Occupation Begins

photo: Katrina Ohstrom

Editor’s note: Katrina Ohstrom brought her excellent eye (and lens) to the Occupy Philadelphia protest yesterday (and she’s there right now). I wrote this morning about why this event matters to us at Hidden City: it’s telling about the place. City Hall isn’t the Piazza (a public-seeming private space) or even Independence Hall (a public space privatized for ticket holders): it is open territory, and in a sense, always has been (Centre Square was so often the site of public demonstrations in the 19th century). More than that, the occupation tells us a bit about who we are today, seeking to make this beguiling, sprawling, mysterious city our own. We do this everyday of course, but in a city with 40,000 vacant lots, we’re constantly repossessing, activating, rethinking, and occupying spaces in new and energizing ways. City Hall is no exception. Today, Katrina brings us into the planning of the event–in essence what it means to occupy the space. In coming days, she’ll reveal some of the people and their motivations for inserting themselves so profoundly into the body of the city.

With the Occupation of Wall Street well into it’s third week, the movement, which was initially underreported and remains misunderstood by many media sources, is rapidly spreading throughout the country and abroad.

photo: Katrina Ohstrom

These occupations are, in the broadest sense, a call to end unsustainable economic inequality.

With more than 1,000 in attendance for the planning meeting, the Philadelphia Occupation took it’s time and learned from the mistakes of both the New York Occupation and the NYPD. At 9:00 on Thursday October 6th, on the West side of City Hall, the Occupation of Philadelphia officially began. ‬

The careful planning was evident in the stations for food and medical care, the smoke-free family zone with toys and craft supplies, the area sanctioned by the city for tents for those who choose to occupy around the clock, and with reminders to the Occupiers to not only keep Dilworth Plaza clean, but also to respect and reach out to the homeless who call it home.

photo: Katrina Ohstrom

In addition, the ACLU and the National Lawyers Guild are providing representation and Legal Observer training. There have been committees formed to cover just about everything including, perhaps most importantly, a liaison between the Occupation and Mayor Nutter and his staff and the Philadelphia Police.

Further reading:

Occupy Philly
Occupy Wall Street
We Are The 99 Percent

About the author

Katrina Ohstrom has been headquartered in Philadelphia for the past decade. Her documentary projects include post-agricultural rural landscapes, post-industrial urban landscapes, the privatization of public education, experimental electronic music and cat show culture. In addition to Hidden City Daily, Ohstrom’s photos have been spotted in Megawords Magazine and forthcoming in Jacobin Magazine, and on the websites of East Village Radio and Bomb Magazine among others. Occasionally she exhibits in a gallery setting. More of Ohstrom’s documentary work can be found at katrinaohstrom.com and her event work can be found at ohstromphoto.com.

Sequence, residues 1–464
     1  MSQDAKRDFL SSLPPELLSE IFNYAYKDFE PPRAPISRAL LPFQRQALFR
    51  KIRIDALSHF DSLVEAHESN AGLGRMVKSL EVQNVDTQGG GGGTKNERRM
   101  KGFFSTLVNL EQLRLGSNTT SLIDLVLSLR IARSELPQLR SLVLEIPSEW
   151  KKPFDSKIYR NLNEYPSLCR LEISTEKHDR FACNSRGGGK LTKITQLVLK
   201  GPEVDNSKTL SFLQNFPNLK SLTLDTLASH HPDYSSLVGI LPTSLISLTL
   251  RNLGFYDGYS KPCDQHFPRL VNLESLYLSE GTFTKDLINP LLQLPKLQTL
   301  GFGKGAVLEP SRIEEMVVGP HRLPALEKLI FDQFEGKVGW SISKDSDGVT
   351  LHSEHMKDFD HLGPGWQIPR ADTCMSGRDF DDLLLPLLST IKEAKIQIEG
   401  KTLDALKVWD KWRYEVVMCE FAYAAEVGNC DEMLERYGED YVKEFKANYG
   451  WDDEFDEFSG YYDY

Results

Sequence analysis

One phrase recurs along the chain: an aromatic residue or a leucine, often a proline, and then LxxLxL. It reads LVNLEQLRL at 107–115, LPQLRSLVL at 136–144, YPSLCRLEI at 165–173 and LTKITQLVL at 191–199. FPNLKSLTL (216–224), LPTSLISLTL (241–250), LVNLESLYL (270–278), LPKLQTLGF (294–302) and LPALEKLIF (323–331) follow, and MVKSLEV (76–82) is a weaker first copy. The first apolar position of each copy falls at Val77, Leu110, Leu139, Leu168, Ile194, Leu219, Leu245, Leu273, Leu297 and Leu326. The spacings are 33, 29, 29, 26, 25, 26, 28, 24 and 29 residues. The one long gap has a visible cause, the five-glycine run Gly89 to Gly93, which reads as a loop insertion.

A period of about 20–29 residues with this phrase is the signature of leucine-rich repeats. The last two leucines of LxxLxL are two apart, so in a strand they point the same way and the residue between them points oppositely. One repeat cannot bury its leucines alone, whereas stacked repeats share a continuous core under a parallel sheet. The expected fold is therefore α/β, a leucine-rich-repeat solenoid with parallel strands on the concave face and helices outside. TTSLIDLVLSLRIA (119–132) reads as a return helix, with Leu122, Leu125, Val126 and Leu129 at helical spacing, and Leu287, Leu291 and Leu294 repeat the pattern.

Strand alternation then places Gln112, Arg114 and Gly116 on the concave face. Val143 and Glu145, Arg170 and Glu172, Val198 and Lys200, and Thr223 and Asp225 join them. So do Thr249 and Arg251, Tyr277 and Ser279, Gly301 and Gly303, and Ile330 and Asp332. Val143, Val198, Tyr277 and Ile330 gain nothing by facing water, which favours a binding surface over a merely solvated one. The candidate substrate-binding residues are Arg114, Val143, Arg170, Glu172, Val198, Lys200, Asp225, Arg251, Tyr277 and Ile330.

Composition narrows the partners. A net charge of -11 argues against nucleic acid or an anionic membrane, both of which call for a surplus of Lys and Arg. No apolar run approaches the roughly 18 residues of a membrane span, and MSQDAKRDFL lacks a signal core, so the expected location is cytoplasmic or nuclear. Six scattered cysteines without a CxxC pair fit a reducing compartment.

Leave a Reply

Comment moderation is enabled, no need to resubmit any comments posted.

Recent Posts
Renovations At William Way Look To The Future While Preserving The Past

Renovations At William Way Look To The Future While Preserving The Past

September 16, 2019  |  Architecture, Preservation

Big changes are in the works for William Way Community Center thanks to a $1 million grant from the Commonwealth's Redevelopment Assistance Capital Program. Stacia Friedman has the details > more

Final Plans To Transfer Philadelphia History Museum Collection To Drexel University Unveiled

Final Plans To Transfer Philadelphia History Museum Collection To Drexel University Unveiled

September 12, 2019  |  City Life, History

The Philadelphia History Museum is officially dead. The large collection of beloved city artifacts will be transferred to Drexel University. Kimberly Haas has the news > more

Hidden City Daily Celebrates Eight Years Of Publishing

Hidden City Daily Celebrates Eight Years Of Publishing

September 11, 2019  |  City Life

September marks Hidden City Daily's 8th year of publishing. To toast the occasion we look back at the past 12 months with a curated list of our top 15 stories. > more

Settlement Houses: Doing Good In The Neighborhood

Settlement Houses: Doing Good In The Neighborhood

September 9, 2019  |  History

Stacia Friedman takes a look at Philadelphia's long tradition of providing social welfare and education through settlement houses, some of which still serve communities today > more

Until Death Do Us Part: An Ode To Philadelphia Book Collecting

Until Death Do Us Part: An Ode To Philadelphia Book Collecting

September 6, 2019  |  History

In celebration of National Read A Book Day, Mickey Herr dives deep into the stacks at some of Philadelphia's most historic and obscure libraries > more

Bootleggers & Back Alley Bars: Philadelphia During Prohibition A City

Bootleggers & Back Alley Bars: Philadelphia During Prohibition A City “Soaked In Alcohol”

September 4, 2019  |  History

Speakeasies are all the rage these days. The revival finds its roots in secret cocktail lounges that opened after the 18th Amendment was ratified in 1920. Pennsylvania got a head start and outlawed alcohol in 1919. Amy Cohen takes a look back at Philadelphia during Prohibition on the 100-year anniversary of the ban > more